Way back in May, when we stopped in Kusudasi, Turkey on the Holland America cruise (the stop where it almost came to fisticuffs over the leather jackets) I noticed a sign in the window of a travel agency with a picture of Pumukkale. Pumukkale means Cotton Palace – and the picture of the bleached white travertine pools holding turquoise water was seared into my brain.
Fast forward several months and we decided to fly home from Istanbul. Right away I knew that one place we’d visit in Turkey was that magical place. It was worth it!
We stayed in a small family run hotel in the village of Pumukkale – right at the base of the travertine hills. It was far away from the mass tourism of the larger resorts in a nearby village, and while hot water would have been pleasant, our friendly hosts more than made up for the inconvenience. There are three entrances into the site – which is a historic site (the Roman City of Hieropolis sat above the cliffs), a swimming area serviced by the calcium rich hotsprings next to the ancient Roman Baths, and the Pumukkale cliffs. I only mention that because if you enter from either of the other entrances, you miss half the fun. The village entrance is at the base of the hill, and as you walk up the road cut into the side of the hill, you arrive at a sign that instructs you to take off your shoes.
Whether it is because they feel the slope is slippery, or because shoes would wreck the travertine, they are serious about people going barefoot. A slew of guards keep a sharp eye on tourists and blow a whistle if they see anyone dare to slide on their flip flops. Socks are okay. Along the way are a series of artificial pools where people happily pose for pictures. I’m not sure if they realized they were fake.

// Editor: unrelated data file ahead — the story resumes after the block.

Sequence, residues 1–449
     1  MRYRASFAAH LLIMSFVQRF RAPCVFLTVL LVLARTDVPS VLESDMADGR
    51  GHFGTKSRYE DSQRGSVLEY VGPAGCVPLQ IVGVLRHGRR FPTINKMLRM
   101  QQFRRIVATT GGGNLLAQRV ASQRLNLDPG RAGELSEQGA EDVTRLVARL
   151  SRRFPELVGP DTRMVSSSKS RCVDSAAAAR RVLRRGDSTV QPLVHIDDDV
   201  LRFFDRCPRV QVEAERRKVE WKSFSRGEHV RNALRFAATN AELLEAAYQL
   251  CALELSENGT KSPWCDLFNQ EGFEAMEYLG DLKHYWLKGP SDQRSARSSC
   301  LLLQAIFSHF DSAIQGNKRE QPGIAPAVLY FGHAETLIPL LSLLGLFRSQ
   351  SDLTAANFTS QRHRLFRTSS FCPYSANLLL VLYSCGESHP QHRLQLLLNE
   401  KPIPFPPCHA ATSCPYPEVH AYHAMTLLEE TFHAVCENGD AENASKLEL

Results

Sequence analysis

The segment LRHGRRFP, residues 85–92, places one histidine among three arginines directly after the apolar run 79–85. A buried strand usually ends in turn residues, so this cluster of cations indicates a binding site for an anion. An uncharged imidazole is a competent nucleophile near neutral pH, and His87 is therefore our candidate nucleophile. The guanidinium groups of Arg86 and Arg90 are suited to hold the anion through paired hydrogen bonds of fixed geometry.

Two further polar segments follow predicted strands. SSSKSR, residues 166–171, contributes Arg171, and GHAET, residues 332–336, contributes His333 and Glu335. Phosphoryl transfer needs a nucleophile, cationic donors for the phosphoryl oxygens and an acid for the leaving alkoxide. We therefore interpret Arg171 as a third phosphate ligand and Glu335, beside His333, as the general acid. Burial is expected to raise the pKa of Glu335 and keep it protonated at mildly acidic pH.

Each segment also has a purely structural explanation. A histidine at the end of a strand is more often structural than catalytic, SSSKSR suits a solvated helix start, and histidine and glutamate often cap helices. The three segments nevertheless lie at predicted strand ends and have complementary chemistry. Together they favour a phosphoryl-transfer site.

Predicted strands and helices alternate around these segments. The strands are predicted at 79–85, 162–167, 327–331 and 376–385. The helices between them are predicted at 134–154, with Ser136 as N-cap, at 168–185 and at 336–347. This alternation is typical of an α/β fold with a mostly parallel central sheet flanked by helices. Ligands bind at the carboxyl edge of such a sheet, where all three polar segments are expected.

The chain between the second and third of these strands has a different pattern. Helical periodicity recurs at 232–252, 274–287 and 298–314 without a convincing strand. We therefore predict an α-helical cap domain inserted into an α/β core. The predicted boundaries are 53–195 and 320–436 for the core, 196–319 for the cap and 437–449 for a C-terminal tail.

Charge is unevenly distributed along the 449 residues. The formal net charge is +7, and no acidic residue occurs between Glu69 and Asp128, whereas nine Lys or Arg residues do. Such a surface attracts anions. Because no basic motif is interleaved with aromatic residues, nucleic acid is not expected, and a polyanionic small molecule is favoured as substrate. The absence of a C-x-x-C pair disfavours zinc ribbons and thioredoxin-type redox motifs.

At the top of the road was a cluster of folks that presumably came in from another entrance, and didn’t make it more than 10 or 20 meters down the road. I have to admit I found them very annoying as they seemed oblivious to people trying to walk past as they snapped their photos prancing around in the fake pools (the actual pathway around the upper pools was very narrow). I did mutter under my breath things like “this is a bad place to stop – people want to get by,” but I did refrain from shoving anyone out of the way – barely.
The cotton-colored cliffs are formed by calcium rich hot springs that cascade out of the side of the hill. The way the water flows caused pools and terraces to form all the way down the hillside. The site (it is a UNESCO site) is managed to keep the hillsides white – and according to our host if they kept the pools full of water all the time they’d turn brown, so they alternate areas where they allow the water to flow.
At the top of the hill, the site transitions from that beautiful hillside into a set of fairly well-preserved Roman ruins. The first are are the ancient Roman Bathhouse – which has been restored and serves as a small museum. It has a small “extra” admission price but doesn’t have much in it that I found interesting – except this one statue of a man with a dragon tail.
Behind the Ancient Roman bathhouse is a newer complex labelled Ancient Baths. Inside, beyond the restaurants, bathrooms, showers, lockers, and souvenir shop, and in front of the beach chairs, are the thermal pools. I don’t really know why we bought a ticket for the pools without taking a good look at them – but we did – and regretted it. Not only were they sort of dirty (filled with algae) and packed with people. but for some reason there were a whole bunch of ruins scattered in them (perhaps as a PH buffer or maybe to make them seem old) so you had to wade through really slowly or risk whacking an knee or ankle. There was a small “ruin free” area for swimming – it was like swimming through molasses .